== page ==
Naengmyun stories, pt. 1

Jinhee and I were up in the Seattle area spending some time with family and friends. Our first stop after arriving at Sea-Tac International Airport was visiting my grandmother, on my mother’s side. She lives in an apartment complex for elderly people near the International District in the heart of Seattle, and up on the 7th floor, we chowed down on some tasty Naengmyun — Korean cold noodles — and swapped stories about how my family survived during the “Civil War,” what Westerners call the Korean War.

For those of you who don’t know, my food tastes are a dead giveaway to my cultural background. While doing a pastoral internship overseas, my senior pastor asked me about my favorite Korean food. Without hesitation, I said that I loved Duk Mandoo Guk, or Korean dumpling soup. And with my reply, I unknowingly gave away my national identity. The senior pastor then asked, “Is your family from North Korea?” I didn’t realize until then that dumplings and cold noodle soup are specialities of the North, and I dearly love them both.

So I’m North Korean. Or at least of North Korean descent, though born on the north side of Chicago. But it’s weird to think I’m connected to Kim Jong Il in some way. More than that, being of North Korean descent also means that my family history is really quite interesting, and the stories I heard that cloudy afternoon in Seattle rooted me even more deeply in where I came from and who I am.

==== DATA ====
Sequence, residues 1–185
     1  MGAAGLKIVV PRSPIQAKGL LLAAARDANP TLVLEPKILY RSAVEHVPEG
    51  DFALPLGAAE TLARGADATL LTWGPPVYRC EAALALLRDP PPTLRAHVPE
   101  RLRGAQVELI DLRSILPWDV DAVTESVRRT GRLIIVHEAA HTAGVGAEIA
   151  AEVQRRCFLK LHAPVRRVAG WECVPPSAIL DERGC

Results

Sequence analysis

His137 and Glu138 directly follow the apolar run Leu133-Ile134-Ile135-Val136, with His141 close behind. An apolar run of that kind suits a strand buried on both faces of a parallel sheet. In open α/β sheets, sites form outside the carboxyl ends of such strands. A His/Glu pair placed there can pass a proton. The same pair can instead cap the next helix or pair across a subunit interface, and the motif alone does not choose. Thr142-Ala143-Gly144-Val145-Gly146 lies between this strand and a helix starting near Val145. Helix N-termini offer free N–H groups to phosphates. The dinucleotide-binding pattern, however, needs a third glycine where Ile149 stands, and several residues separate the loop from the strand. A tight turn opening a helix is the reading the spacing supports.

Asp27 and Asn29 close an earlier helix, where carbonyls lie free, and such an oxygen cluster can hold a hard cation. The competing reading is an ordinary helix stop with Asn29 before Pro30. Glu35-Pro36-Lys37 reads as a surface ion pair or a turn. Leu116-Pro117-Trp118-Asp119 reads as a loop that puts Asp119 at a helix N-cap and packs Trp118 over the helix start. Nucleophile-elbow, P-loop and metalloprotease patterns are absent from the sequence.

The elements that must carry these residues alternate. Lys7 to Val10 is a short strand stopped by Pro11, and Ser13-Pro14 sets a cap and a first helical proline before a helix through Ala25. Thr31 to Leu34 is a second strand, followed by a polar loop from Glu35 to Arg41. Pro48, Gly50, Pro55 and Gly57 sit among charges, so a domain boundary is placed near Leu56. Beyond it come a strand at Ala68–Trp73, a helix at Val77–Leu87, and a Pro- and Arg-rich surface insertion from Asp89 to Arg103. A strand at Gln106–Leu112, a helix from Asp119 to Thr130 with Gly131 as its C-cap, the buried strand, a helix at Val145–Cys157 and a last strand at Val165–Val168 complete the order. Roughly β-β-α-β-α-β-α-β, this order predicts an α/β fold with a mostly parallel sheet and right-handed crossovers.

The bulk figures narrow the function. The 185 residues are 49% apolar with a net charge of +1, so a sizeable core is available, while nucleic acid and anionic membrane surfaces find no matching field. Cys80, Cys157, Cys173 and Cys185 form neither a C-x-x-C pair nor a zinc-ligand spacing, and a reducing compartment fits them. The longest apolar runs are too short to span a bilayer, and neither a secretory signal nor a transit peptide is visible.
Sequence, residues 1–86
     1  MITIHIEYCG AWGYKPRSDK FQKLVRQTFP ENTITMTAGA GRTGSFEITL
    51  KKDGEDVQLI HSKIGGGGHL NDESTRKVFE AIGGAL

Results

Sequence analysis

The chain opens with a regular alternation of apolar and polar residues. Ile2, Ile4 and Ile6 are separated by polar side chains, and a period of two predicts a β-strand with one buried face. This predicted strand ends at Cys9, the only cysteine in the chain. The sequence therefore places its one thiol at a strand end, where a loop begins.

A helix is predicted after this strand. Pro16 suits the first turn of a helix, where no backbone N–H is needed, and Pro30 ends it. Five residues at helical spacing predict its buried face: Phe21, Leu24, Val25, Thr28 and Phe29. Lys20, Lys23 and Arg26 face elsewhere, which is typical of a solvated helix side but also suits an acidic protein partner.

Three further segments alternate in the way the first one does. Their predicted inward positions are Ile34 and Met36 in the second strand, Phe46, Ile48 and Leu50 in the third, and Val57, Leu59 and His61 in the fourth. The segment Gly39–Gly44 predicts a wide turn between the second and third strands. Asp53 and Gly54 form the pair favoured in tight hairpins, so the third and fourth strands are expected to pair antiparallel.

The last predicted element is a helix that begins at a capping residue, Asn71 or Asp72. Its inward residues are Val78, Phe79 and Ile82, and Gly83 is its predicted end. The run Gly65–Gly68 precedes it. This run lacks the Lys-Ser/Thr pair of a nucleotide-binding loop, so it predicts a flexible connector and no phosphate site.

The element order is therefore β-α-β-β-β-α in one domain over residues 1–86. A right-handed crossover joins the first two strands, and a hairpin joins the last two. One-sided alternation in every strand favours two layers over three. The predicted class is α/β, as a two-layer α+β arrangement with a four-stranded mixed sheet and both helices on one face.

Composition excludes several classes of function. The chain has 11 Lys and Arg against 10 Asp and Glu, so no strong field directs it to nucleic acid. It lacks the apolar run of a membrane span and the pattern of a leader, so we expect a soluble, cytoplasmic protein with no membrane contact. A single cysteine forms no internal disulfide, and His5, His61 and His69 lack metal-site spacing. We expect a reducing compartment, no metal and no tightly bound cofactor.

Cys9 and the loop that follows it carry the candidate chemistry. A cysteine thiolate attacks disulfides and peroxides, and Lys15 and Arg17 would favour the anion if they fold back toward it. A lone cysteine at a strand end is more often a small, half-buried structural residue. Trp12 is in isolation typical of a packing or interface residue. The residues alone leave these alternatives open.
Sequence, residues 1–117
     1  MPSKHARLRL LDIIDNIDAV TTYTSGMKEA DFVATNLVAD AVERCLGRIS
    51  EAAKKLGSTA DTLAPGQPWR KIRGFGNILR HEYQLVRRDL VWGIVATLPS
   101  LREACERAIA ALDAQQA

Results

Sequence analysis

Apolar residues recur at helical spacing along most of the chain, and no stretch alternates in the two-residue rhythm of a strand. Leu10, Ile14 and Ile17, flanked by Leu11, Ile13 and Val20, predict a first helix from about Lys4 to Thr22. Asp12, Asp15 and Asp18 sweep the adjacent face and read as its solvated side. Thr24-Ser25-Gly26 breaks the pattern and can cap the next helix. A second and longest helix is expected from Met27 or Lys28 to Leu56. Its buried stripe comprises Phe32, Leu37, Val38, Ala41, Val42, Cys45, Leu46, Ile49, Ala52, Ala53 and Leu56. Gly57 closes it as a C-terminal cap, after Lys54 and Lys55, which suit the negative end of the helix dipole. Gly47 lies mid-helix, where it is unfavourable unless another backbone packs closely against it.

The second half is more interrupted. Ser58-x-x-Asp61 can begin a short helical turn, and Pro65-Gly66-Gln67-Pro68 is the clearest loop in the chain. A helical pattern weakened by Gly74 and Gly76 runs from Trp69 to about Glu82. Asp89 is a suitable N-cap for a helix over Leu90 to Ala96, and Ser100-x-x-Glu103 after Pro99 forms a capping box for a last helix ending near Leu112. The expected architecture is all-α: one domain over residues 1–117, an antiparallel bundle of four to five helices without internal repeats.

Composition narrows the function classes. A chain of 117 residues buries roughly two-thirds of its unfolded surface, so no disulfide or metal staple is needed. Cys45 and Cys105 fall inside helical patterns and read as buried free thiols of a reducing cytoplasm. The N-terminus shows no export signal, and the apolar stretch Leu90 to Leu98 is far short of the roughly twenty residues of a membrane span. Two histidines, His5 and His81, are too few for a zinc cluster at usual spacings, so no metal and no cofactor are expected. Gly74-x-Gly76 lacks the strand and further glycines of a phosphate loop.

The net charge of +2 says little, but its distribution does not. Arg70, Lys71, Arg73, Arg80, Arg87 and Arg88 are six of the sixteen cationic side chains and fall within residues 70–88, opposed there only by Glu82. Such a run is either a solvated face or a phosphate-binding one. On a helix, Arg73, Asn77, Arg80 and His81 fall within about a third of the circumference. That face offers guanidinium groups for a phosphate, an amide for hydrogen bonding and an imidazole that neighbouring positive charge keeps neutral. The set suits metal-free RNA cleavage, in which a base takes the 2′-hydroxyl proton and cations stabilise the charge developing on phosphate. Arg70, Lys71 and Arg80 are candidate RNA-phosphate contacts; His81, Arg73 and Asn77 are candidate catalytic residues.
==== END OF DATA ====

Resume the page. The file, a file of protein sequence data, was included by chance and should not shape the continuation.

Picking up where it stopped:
(To be continued… )

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  1. :) i totally know what you mean…i’m of NK descent too. i think i almost romanticize too much my grandfather’s life story, but it’s such an interesting part of one’s history/identity, you know?

    do you like ?? ???


  2. Are North Korean and South Korean descent really that different, genetically speaking? I mean the border is rather recent and an arbitary result of war fronts rather than ethnic divides, right?


  3. Hi David — yup, you’re right. There’s little genetic difference. Our grandparents generation would have a good number of relatives on either side of the divide. But difference in nutrition levels have made South Koreans taller than their counterparts to the North.

    Also, my father felt that the North was his homeland — and so had few qualms about leaving the South, which was already a foreign land, to come to America.


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